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Effects of posture and anatomical location on inter-recti distance measured using ultrasound imaging in parous women

Effects of posture and anatomical location on inter-recti distance measured using ultrasound imaging in parous women
Effects of posture and anatomical location on inter-recti distance measured using ultrasound imaging in parous women
Study design:Cross-sectional repeated measures.Objectives:To quantify the effects of posture and measurement site on the inter-recti distance (IRD) and investigate the reliability of IRD measurement using ultrasound imaging in different postures.Background:The linea alba connects the rectus abdominis muscles anteriorly and the width is known as the IRD. The IRD is usually measured in crook-lying and is the primary outcome measure to assess for a divarication of recti abdominis (DRA). The effects of posture and measurement site on the IRD have not been investigated.Methods:Ultrasound imaging was used to measure IRD in 41 women ≥8 weeks postpartum. The IRD was measured at three sites (superior-umbilicus, umbilicus and inferior-umbilicus), in three postures (crook-lying, sitting and standing), and repeated one-week later. The effects of posture and site were investigated using one-way ANOVAs. Reliability was analysed using Intraclass correlation coefficients (ICCs), Bland Altman analyses, standard error of measurement and minimal detectable change.Results:The IRD was wider when standing vs. lying at both the superior-umbilicus and umbilicus by 0.30 cm (95% CI 0.21 to 0.39) and 0.20 cm (0.11–0.30) respectively (p < 0.001). Measurements at the inferior-umbilicus were, on average, 1.6 and 2.1 cm narrower than superior-umbilicus and umbilicus sites, respectively (p < 0.001). There was high intra-rater reliability within-session (ICC3.3) and between-session (ICC3.1) at all sites measured.Conclusion:The IRD can be measured reliably at all sites and postures. The IRD is wider at superior-umbilicus and umbilicus when upright compared with lying. There is a difference in IRD between all sites measured.
2468-7812
1-7
Gillard, S.
3483f544-965c-47f1-99ad-4ef331493109
Ryan, C.G.
6764bf6b-45f2-43ec-a89a-1e0bad8455d4
Stokes, M.
71730503-70ce-4e67-b7ea-a3e54579717f
Warner, M.
f4dce73d-fb87-4f71-a3f0-078123aa040c
Dixon, J.
d2bde131-2b05-4001-b4c9-31ccf5f31c7f
Gillard, S.
3483f544-965c-47f1-99ad-4ef331493109
Ryan, C.G.
6764bf6b-45f2-43ec-a89a-1e0bad8455d4
Stokes, M.
71730503-70ce-4e67-b7ea-a3e54579717f
Warner, M.
f4dce73d-fb87-4f71-a3f0-078123aa040c
Dixon, J.
d2bde131-2b05-4001-b4c9-31ccf5f31c7f

Gillard, S., Ryan, C.G., Stokes, M., Warner, M. and Dixon, J. (2018) Effects of posture and anatomical location on inter-recti distance measured using ultrasound imaging in parous women. Musculoskeletal Science and Practice, 34, 1-7. (doi:10.1016/j.msksp.2017.11.010).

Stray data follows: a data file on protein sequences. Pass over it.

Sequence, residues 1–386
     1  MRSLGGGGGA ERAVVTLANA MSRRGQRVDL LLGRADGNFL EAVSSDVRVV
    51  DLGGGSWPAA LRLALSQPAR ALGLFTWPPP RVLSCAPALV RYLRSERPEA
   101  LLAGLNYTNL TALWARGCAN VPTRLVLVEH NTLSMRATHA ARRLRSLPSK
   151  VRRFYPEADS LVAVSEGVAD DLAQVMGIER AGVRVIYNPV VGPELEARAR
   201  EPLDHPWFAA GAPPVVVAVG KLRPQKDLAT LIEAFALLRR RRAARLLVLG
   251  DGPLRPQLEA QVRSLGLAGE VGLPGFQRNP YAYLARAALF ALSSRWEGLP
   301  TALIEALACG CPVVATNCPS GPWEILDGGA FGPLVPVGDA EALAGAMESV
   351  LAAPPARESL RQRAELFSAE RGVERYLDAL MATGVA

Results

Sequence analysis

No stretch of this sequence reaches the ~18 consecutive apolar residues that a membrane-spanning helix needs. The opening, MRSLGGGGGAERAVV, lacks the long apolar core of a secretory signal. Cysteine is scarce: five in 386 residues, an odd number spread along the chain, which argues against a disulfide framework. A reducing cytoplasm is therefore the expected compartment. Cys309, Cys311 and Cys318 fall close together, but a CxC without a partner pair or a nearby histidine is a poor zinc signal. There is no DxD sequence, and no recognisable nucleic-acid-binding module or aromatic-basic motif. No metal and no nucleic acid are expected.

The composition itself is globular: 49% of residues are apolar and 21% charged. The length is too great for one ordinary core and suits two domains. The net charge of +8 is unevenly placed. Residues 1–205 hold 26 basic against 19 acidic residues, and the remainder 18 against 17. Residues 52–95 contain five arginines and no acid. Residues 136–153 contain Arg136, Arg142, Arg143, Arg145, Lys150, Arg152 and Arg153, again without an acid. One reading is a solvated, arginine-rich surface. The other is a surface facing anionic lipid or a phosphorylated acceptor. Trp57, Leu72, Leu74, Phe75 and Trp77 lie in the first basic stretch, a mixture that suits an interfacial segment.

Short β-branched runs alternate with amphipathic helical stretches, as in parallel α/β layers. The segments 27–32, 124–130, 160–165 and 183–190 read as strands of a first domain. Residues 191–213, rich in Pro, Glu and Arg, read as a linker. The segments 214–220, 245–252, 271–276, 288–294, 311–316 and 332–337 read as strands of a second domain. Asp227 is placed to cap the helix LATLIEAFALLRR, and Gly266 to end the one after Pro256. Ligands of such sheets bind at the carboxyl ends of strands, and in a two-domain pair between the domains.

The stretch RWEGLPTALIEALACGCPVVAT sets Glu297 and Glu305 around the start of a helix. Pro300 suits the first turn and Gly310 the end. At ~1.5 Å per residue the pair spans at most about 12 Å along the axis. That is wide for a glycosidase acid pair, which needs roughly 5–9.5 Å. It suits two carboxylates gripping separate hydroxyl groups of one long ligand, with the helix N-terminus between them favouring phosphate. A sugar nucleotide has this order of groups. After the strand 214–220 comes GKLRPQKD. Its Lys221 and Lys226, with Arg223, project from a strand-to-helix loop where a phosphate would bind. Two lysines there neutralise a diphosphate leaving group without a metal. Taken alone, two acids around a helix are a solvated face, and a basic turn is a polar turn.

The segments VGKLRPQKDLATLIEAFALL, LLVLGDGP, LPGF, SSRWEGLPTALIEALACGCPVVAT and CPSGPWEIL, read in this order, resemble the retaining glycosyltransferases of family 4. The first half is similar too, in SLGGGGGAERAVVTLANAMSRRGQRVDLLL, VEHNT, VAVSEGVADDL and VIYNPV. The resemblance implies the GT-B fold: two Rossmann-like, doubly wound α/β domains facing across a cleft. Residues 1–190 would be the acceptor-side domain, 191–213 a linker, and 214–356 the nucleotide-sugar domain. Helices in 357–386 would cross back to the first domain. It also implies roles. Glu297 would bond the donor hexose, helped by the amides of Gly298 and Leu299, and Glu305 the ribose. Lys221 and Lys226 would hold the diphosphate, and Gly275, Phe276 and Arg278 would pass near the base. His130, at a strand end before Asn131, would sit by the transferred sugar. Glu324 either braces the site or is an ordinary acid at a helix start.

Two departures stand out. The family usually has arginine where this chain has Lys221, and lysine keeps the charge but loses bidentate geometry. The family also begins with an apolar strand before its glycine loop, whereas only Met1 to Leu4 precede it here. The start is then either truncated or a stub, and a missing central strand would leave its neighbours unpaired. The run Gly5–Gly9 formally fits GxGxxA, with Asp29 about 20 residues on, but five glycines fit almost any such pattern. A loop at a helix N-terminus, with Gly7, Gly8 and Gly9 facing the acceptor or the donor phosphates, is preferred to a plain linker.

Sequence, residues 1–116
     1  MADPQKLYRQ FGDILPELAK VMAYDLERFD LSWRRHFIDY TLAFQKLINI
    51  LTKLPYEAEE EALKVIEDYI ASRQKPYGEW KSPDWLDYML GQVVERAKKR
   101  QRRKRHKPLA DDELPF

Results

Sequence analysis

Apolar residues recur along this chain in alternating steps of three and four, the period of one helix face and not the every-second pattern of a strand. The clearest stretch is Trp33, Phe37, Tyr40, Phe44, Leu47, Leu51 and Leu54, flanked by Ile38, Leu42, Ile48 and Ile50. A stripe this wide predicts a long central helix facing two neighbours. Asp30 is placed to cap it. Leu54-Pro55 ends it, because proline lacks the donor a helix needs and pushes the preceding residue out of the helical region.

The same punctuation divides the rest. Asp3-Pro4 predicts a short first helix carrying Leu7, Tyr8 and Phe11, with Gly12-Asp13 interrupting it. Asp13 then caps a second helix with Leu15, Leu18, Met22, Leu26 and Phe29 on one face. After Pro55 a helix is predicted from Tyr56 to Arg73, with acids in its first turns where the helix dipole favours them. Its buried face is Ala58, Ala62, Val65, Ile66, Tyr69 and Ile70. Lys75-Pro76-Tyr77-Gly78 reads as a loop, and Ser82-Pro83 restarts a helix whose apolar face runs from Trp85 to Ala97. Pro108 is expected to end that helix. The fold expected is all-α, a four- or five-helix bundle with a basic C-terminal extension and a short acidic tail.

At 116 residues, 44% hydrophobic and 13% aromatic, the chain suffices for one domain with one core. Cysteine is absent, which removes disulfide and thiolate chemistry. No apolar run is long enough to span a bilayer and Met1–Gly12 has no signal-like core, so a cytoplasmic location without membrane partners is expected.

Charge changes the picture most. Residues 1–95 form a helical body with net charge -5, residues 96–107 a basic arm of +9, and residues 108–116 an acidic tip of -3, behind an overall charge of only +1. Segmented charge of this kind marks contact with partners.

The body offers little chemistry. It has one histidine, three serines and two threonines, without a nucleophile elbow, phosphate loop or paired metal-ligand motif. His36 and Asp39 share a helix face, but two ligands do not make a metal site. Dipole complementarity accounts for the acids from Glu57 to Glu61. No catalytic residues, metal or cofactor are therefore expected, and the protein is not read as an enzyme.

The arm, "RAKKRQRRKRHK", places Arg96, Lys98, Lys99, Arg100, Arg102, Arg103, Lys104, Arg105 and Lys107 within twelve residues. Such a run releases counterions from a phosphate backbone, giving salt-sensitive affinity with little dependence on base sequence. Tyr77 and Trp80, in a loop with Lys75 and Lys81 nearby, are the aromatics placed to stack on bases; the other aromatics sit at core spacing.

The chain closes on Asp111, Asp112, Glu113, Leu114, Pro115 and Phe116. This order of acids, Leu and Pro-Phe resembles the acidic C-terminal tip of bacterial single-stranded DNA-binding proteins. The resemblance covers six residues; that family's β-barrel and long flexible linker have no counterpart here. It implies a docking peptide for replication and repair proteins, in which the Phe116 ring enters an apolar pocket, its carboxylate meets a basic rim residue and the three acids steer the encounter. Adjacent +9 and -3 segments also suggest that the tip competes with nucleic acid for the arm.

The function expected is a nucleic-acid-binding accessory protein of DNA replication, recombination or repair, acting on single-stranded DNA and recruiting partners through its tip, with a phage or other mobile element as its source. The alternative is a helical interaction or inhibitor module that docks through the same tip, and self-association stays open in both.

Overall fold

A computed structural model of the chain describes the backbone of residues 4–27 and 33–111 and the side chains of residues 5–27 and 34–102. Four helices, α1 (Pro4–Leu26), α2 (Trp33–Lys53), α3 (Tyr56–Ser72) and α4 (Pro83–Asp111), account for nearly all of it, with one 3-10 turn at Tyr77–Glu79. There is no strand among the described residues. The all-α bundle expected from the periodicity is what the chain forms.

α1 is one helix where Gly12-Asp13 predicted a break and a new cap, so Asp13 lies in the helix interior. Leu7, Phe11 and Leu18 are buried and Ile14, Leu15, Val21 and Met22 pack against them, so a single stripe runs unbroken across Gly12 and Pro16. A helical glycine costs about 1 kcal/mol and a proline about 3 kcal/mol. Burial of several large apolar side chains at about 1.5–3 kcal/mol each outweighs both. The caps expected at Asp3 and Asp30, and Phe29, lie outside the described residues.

Record type: Article

Abstract

Study design:Cross-sectional repeated measures.Objectives:To quantify the effects of posture and measurement site on the inter-recti distance (IRD) and investigate the reliability of IRD measurement using ultrasound imaging in different postures.Background:The linea alba connects the rectus abdominis muscles anteriorly and the width is known as the IRD. The IRD is usually measured in crook-lying and is the primary outcome measure to assess for a divarication of recti abdominis (DRA). The effects of posture and measurement site on the IRD have not been investigated.Methods:Ultrasound imaging was used to measure IRD in 41 women ≥8 weeks postpartum. The IRD was measured at three sites (superior-umbilicus, umbilicus and inferior-umbilicus), in three postures (crook-lying, sitting and standing), and repeated one-week later. The effects of posture and site were investigated using one-way ANOVAs. Reliability was analysed using Intraclass correlation coefficients (ICCs), Bland Altman analyses, standard error of measurement and minimal detectable change.Results:The IRD was wider when standing vs. lying at both the superior-umbilicus and umbilicus by 0.30 cm (95% CI 0.21 to 0.39) and 0.20 cm (0.11–0.30) respectively (p < 0.001). Measurements at the inferior-umbilicus were, on average, 1.6 and 2.1 cm narrower than superior-umbilicus and umbilicus sites, respectively (p < 0.001). There was high intra-rater reliability within-session (ICC3.3) and between-session (ICC3.1) at all sites measured.Conclusion:The IRD can be measured reliably at all sites and postures. The IRD is wider at superior-umbilicus and umbilicus when upright compared with lying. There is a difference in IRD between all sites measured.

Text Effects of posture and anatomical location on inter-recti distance measured ACCEPTED - Accepted Manuscript
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More information

Accepted/In Press date: 18 November 2017
e-pub ahead of print date: 22 November 2017
Published date: 1 April 2018

Identifiers

Local EPrints ID: 416241
URI: https://eprints.soton.ac.uk/id/eprint/416241
ISSN: 2468-7812
PURE UUID: 5cccffac-1b8a-472a-8c0f-4a8432963ed7
ORCID for M. Stokes: ORCID iD orcid.org/0000-0002-4204-0890
ORCID for M. Warner: ORCID iD orcid.org/0000-0002-1483-0561

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Date deposited: 08 Dec 2017 17:30
Last modified: 06 Jun 2018 12:47

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